Two books suggest how new literacies and children's responses to them can be explored in the classroom, says Myra Barrs
Literacy Moves On: Using popular culture, new technologies and critical literacy in the primary classroom Edited by Janet Evans David Fulton Pounds 19
Edited by Prue Goodwin David Fulton pound;17.50
"I make my Batman toy fly ... he's funny, but he's a baddy and I punch him."
Literacy Moves On begins with children's voices: in a short introduction, children aged three to 11 tell what they like to do and play with at home.
Their replies mention film and video, television programmes, computer games and toys with film or TV links.
Most of the contributors to this book argue, incontrovertibly, that children's home literacies today are being fundamentally shaped by new media and new technology, and that school literacy needs to take account of this.
Their chapters on multi-modal texts, digital film-making, narrative computer games, interactive email, critical literacy and using children's out-of-school narrative experiences in the literacy classroom demonstrate the breadth of the phenomenon that the book sets out to explore.
The editor of this volume has urged her contributors to draw implications for practice out of their articles, but some of these chapters are more helpful to teachers than others. Teachers are too often the baddies in this book -excluding popular culture from the classroom, ignoring children's home experiences, hostile to computer games and new technology. We urgently need to know how to include new literacies in the curriculum and the best articles give us a sense of this. Others remain at the level of classroom-based research.
Janet Evans's own chapter clearly models how to approach the study of popular culture with 10 and 11-year-olds. Through a series of discussions about Beanie Babies, their origins and appeal to children as consumers, and the way they are globally marketed, children moved towards increasingly mature and critically aware analysis of the money-making tactics involved in the Beanie Babies phenomenon. "I think we'd better stop this conversation," said one child, "or else we'll be going to the anti-capitalist riots in Seattle."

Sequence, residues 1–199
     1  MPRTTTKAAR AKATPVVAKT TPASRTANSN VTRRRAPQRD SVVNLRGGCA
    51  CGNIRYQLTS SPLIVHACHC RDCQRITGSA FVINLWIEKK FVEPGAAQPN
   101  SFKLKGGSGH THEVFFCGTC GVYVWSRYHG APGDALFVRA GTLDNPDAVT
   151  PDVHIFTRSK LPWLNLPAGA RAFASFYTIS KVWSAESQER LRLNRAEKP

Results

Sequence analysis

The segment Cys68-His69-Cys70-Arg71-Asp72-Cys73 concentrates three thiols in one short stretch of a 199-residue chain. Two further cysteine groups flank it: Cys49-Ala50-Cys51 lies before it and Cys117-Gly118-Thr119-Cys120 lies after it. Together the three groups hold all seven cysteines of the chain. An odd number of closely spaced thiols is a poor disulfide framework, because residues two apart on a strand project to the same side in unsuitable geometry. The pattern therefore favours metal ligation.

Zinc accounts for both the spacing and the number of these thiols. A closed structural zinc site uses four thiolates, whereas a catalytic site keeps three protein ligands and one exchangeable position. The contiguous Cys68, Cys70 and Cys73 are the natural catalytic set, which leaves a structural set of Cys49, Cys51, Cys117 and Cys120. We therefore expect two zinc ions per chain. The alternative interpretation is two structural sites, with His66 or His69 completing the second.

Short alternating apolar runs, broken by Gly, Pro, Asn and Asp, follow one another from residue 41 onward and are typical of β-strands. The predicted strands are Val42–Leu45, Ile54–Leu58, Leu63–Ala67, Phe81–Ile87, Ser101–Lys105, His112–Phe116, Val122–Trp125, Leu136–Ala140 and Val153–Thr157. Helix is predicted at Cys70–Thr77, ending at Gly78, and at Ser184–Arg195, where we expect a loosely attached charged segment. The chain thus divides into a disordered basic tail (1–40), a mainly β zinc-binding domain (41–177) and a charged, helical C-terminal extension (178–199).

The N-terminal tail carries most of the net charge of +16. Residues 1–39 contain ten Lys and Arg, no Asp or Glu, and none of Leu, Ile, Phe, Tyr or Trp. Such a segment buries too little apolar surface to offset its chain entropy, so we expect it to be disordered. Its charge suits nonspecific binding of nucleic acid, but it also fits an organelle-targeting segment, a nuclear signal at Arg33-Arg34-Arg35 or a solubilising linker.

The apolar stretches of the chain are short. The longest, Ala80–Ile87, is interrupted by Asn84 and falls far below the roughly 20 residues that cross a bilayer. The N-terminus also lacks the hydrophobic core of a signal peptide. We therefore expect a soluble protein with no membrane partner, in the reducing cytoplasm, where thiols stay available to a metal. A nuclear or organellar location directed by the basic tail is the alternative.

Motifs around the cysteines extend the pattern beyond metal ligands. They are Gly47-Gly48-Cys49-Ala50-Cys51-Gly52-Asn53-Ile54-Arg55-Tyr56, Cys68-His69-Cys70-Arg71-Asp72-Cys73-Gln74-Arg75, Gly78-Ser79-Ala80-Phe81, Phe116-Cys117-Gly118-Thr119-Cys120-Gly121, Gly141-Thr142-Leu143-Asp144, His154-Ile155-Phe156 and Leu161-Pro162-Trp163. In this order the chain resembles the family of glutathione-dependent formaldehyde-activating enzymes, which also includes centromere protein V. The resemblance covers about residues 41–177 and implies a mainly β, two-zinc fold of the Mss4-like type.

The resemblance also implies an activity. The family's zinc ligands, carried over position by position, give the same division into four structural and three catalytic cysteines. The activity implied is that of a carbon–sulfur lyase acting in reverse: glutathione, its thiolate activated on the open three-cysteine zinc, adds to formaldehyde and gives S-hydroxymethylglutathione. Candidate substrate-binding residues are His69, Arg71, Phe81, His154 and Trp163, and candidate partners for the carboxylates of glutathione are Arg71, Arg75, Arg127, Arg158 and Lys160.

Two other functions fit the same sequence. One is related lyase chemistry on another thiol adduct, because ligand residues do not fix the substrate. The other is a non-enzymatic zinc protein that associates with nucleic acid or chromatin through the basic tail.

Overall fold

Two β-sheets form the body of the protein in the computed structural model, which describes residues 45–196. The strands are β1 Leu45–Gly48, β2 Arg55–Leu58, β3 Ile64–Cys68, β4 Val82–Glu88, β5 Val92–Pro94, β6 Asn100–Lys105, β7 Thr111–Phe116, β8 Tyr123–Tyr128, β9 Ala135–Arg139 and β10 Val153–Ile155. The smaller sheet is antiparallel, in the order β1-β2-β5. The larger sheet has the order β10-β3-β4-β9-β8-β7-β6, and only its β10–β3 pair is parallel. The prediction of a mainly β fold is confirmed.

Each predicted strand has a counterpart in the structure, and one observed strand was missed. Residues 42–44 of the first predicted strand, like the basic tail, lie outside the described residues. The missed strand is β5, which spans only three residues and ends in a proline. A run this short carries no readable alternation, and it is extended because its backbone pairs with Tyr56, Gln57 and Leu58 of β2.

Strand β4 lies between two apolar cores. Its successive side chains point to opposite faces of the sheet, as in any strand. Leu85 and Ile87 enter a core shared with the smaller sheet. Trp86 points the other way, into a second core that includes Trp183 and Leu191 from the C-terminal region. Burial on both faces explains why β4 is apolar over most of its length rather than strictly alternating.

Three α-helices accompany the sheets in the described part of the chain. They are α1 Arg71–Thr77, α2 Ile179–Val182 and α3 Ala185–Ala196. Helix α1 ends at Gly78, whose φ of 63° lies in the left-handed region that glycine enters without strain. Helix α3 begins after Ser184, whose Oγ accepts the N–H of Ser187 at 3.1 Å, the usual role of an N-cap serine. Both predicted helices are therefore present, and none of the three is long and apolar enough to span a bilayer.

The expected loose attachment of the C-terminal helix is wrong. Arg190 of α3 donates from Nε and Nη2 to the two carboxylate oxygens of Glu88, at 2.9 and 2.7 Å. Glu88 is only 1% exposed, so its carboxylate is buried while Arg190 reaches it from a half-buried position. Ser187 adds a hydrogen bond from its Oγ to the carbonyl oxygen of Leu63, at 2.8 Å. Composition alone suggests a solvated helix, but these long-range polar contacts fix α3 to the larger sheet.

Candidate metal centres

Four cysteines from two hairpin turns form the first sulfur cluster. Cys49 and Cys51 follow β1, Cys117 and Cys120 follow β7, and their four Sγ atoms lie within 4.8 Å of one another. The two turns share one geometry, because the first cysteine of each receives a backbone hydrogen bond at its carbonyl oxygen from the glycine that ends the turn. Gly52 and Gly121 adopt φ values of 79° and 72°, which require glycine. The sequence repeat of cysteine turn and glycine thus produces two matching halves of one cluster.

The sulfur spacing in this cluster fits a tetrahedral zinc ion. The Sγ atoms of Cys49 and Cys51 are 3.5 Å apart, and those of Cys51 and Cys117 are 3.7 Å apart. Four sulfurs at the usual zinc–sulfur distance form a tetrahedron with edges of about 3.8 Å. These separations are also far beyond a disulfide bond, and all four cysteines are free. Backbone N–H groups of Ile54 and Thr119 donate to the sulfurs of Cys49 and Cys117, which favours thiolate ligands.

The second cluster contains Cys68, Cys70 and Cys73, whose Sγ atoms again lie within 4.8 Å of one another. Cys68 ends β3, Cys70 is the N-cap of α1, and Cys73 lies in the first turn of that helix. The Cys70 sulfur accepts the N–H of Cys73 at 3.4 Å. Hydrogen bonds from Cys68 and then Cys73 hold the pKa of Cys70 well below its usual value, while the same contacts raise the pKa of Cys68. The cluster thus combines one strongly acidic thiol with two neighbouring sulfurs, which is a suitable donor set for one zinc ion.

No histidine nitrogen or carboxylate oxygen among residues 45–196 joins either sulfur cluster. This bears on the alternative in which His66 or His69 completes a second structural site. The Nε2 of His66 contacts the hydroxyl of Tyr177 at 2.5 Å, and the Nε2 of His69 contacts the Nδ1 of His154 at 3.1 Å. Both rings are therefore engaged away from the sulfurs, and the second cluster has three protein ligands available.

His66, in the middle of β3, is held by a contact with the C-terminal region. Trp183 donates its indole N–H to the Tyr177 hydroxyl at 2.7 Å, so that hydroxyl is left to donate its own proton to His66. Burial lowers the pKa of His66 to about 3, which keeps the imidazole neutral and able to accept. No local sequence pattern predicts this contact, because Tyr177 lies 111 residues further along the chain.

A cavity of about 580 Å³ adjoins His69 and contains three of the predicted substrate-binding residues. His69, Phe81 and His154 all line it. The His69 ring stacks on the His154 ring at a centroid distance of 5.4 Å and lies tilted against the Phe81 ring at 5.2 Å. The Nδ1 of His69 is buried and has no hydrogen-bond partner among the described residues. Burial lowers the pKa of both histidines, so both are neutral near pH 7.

Other chapters helpfully document new, and not-so-new, practices in literacy. They include (despite its forbidding critical literacy preamble) Barbara Comber and Helen Nixon's account of children producing their own texts, such as Cooking Afghani Style, a short film based on lifestyle TV cookery shows, but focused on the local community.
One of the most thorough and thoughtful of the articles is Elaine Millard's "Writing about heroes and villains", which shows how explorations of a classic, such as The Lion, the Witch and the Wardrobe, can draw on texts that children know from video and TV. The texts are complementary, not competing.
What's interesting in turning to this new edition of Literate Classroom is to see how many of the contributors to this book take for granted that new literacies are part of the literacy classroom.
Margaret Perkins includes in her infant classroom "electronic texts of all types - talking books, web pages from the internet, emails and text messages, adventure games".
"Opening the wardrobe of voices", Michael Lockwood's account of developing language study in Year 5, concludes with references to using electronic corpuses and stored databases of language samples. Unfortunately, the ICT chapter is one of the least engaging in this compilation, being little more than a romp through the software.
At the heart of the book is Tony Martin's powerful account of "reader response theory": "Reader response is about reflection - thinking about what has been read."
He points out that the National Literacy Strategy accorded "response" low status: "There is a danger in literacy hours of works of literature being viewed as text types to be analysed. The focus is on the text, with the different feelings, thoughts and ideas of individual children barely getting a look in."
Martin proceeds to show how deeply children can go into a text when thoroughly engaged with it. As an example of this, the chapter I shall read over again is Catriona Nicholson's illuminating account of reading Rose Blanche, by Ian McEwan and Roberto Innocenti (published by Jonathan Cape), with a group of Year 5 children (reading it for the first time) and a pair of Year 6 children (returning to it a second time).
This is a fascinating study of reading a picture book, and of the insights gained through rereading. Anthony, in Year 5, says: "If the artist hadn't shown that flower bent over the barbed wire, I wouldn't have known Rose Blanche was dead. You've got to read the pictures for a long time to realise the meaning of things like that flower ... The pictures are the description."
We need more examples of how children's experiences of all kinds of texts, including media texts, can be deepened by this kind of reflective discussion.
Myra Barrs is a literacy consultant and former joint director of the Centre for Literacy in Primary Education